Horse Tack Review




More Vesicular Stomatitis (VS) Confirmed in Texas & New Mexico

Horse Press Release


Horses on a total of three sites in Texas and four premises in New Mexico are known to be infected with Vesicular Stomatitis (VS), a painful blistering disease of livestock, such as horses, sheep, swine and deer. The viral disease appears spontaneously and sporadically in the southwestern U.S. and is thought to be transmitted by sand flies and black flies. The VS cases this spring are the first to be confirmed since l998.

“The most recent confirmed cases in Texas involve three horses on a ranch near Denver City, in Yoakum County, about 80 miles southwest of Lubbock, and one horse near Del Rio, in Val Verde County about 150 miles west of San Antonio,” said Dr. Bob Hillman, Texas’ state veterinarian and head of the Texas Animal Health Commission (TAHC), the state’s livestock and poultry health regulatory agency. The country’s first VS cases this year were confirmed May 19, in three horses, which are confined to their ranch in Reeves County, in far west Texas.

To prevent animal-to-animal disease transmission, the TAHC requires that the VS-infected animals and the other livestock on the premise remain quarantined until 30 days after all VS blisters or lesions heal, a process that usually takes two or three weeks. Prior to quarantine release, the animals will be re-examined by a state or federal regulatory veterinarian, to prevent the spread of disease to other premises.

Dr. Steve England, state veterinarian for New Mexico, said a “handful” of horses on four small premises near Carlsbad, New Mexico were found to be infected since June 4. The animals remain quarantined on their premises.

“During an active year for VS, it is not unusual for this unpredictable disease to be found scattered across several counties and states,” said Dr. Hillman. “We urge owners and private veterinary practitioners to report clinical signs of the disease to their state veterinarians’ offices. A disease investigation will be conducted, with laboratory tests run at the National Veterinary Services Laboratory in Ames, Iowa. There is no charge for these services.”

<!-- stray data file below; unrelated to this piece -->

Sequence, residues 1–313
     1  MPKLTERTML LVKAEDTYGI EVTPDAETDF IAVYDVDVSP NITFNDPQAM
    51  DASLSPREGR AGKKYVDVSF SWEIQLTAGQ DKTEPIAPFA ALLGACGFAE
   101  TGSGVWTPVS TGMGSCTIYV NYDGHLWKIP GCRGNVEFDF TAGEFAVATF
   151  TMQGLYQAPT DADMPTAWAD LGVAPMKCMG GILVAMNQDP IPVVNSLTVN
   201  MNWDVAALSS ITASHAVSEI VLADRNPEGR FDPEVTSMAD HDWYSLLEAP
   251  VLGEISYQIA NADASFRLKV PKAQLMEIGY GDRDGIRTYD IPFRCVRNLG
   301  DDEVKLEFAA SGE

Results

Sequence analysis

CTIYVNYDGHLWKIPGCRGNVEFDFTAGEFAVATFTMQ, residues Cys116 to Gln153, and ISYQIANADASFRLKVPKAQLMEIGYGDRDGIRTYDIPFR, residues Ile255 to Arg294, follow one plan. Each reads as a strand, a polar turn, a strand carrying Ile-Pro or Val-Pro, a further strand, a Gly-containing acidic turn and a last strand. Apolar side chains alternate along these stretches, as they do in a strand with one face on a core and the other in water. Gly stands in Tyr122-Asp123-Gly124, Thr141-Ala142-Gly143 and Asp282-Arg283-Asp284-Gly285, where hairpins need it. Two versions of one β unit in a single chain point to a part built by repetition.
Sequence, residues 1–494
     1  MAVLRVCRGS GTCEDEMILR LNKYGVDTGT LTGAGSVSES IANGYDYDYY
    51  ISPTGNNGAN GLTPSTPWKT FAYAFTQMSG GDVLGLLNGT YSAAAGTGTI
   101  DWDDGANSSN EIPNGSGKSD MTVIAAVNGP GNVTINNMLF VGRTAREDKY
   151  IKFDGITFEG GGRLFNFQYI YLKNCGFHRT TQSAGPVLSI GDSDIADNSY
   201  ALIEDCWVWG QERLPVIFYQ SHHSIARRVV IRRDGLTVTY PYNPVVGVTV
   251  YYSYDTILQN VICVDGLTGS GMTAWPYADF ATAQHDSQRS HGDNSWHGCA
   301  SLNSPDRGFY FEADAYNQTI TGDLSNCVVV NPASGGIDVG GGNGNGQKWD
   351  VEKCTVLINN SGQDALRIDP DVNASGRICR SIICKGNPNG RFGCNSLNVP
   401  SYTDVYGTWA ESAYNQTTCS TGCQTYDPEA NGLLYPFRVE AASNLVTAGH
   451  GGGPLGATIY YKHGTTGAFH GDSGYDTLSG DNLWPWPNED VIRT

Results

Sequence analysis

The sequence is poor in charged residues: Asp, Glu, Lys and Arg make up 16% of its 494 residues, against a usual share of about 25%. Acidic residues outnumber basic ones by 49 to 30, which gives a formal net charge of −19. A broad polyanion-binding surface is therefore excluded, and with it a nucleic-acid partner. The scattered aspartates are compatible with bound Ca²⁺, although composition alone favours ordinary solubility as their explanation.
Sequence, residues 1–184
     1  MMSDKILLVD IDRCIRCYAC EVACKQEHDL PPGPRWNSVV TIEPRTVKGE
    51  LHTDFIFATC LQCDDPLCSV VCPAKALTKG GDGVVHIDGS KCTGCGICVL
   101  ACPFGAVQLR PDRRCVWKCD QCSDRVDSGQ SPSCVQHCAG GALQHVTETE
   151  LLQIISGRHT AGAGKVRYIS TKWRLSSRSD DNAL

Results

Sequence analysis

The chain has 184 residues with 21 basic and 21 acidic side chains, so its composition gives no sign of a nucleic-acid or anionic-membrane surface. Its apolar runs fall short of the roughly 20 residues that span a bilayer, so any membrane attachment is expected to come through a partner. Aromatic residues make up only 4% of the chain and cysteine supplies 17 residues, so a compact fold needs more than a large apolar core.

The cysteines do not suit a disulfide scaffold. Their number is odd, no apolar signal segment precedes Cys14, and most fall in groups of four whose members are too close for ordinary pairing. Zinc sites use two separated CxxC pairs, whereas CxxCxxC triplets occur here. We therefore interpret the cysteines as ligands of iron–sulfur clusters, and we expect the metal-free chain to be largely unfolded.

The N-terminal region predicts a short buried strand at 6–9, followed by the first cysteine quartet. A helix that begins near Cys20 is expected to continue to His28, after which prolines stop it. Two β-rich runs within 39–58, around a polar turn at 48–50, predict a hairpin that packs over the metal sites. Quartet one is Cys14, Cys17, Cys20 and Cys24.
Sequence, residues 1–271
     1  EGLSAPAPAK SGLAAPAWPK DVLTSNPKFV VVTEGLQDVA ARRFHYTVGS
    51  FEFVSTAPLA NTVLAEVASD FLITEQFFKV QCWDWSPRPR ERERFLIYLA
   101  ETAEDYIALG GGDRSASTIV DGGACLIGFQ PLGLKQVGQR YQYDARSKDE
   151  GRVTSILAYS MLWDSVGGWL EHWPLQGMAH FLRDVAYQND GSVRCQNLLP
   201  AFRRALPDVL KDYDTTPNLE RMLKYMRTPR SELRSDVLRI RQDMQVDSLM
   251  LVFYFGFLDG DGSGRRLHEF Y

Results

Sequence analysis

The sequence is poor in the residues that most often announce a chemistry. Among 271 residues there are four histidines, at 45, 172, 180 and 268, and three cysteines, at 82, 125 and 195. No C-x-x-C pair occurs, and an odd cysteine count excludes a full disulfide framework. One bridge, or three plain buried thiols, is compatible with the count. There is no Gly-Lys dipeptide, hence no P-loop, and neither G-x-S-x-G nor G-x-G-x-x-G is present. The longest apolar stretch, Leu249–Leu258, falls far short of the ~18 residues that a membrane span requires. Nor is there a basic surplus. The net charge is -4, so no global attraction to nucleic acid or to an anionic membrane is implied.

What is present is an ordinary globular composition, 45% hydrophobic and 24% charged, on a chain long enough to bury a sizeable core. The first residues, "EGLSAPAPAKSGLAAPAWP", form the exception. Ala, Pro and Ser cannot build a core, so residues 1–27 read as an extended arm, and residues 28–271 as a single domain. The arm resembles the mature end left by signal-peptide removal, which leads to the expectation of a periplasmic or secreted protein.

Signs of VS­which include blisters, open sores or erosions in an animal’s mouth, on the muzzle, teats or hooves--mimic those of foot-and-mouth disease (FMD), an extremely dangerous and highly contagious foreign animal disease that can affect cattle, sheep, swine and deer, but not horses. Laboratory testing is needed to differentiate between VS and FMD, or to determine if the animals had contact with a toxic plant or poison.

During a VS outbreak, animal health officials across the country may place additional testing requirements or restrictions on livestock originating from states with infection. The TAHC has directed private veterinary practitioners to carefully inspect animals for VS, and document the exam on certificates of veterinary inspection (health papers) issued for livestock leaving Texas. A similar statement also is required on paperwork for livestock entering Texas from other states with VS infection. Dr. Hillman recommended producers or veterinarians check with each state of destination prior to shipping livestock.

“To help prevent VS, control biting flies,” said Dr. England. “Keep horses and other equine animals under a roof at night and keep stalls clean to reduce exposure to flies. If you borrow equipment or tools from another rancher, disinfect them before using them. At shows, on trail rides or other events, make sure your animals are fed and watered from their own buckets or troughs. If your horses, cattle, sheep, deer or other livestock develop blisters or open sores indicative of VS, call your practitioner and state veterinarian’s office.”

The TAHC hotline is operational 24 hours a day at 1-800-550-8242, with a TAHC or U.S. Department of Agriculture veterinarian always on call to take reports and work with veterinary practitioners. In New Mexico, producers should make reports to the New Mexico Livestock Board at 505-841-6161.
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